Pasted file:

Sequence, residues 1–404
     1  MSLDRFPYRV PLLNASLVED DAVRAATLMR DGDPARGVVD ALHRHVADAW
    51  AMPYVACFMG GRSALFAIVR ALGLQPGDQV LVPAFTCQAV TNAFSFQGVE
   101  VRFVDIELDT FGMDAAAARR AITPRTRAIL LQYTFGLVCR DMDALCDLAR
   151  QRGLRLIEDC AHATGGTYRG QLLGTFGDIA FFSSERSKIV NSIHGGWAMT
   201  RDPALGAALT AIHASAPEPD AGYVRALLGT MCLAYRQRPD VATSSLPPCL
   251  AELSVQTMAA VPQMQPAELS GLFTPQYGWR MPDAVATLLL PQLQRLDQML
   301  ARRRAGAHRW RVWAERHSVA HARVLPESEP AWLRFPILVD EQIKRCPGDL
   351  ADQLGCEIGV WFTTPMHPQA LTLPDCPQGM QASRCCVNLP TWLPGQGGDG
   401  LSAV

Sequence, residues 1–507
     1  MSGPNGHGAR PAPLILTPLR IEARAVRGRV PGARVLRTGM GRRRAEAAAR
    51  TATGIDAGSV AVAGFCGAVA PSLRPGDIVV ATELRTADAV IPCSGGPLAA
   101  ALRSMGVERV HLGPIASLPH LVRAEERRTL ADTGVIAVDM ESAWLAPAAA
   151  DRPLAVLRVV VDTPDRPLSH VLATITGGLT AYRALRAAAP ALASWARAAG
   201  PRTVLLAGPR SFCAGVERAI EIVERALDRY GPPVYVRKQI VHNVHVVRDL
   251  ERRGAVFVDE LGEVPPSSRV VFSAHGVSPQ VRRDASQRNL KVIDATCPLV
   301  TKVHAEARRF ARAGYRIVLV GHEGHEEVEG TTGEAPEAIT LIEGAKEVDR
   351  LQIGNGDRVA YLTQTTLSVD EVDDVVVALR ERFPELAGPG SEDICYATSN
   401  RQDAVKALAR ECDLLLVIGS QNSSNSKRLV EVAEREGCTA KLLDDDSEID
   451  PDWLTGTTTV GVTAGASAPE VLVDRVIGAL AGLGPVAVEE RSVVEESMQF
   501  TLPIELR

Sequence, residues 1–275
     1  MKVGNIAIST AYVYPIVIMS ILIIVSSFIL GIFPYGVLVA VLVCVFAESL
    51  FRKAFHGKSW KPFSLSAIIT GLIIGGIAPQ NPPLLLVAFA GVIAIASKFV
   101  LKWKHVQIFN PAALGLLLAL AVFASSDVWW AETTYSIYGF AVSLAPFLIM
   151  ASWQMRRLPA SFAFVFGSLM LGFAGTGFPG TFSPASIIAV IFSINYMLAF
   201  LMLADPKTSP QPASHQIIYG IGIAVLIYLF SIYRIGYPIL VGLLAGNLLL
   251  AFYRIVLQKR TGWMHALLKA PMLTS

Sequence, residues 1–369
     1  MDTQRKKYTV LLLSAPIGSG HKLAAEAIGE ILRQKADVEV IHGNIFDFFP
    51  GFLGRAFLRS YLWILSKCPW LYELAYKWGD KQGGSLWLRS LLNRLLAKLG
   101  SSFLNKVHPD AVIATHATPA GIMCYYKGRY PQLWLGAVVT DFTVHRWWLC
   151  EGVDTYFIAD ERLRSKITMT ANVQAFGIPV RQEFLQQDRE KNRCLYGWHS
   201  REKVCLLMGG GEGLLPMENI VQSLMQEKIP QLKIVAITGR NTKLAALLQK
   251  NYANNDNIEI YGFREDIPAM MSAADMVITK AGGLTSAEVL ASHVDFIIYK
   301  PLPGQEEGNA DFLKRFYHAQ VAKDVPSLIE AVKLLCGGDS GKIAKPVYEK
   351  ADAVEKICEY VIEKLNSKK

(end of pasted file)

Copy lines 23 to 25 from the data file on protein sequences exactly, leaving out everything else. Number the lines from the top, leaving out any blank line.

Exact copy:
Sequence, residues 1–275
     1  MKVGNIAIST AYVYPIVIMS ILIIVSSFIL GIFPYGVLVA VLVCVFAESL
    51  FRKAFHGKSW KPFSLSAIIT GLIIGGIAPQ NPPLLLVAFA GVIAIASKFV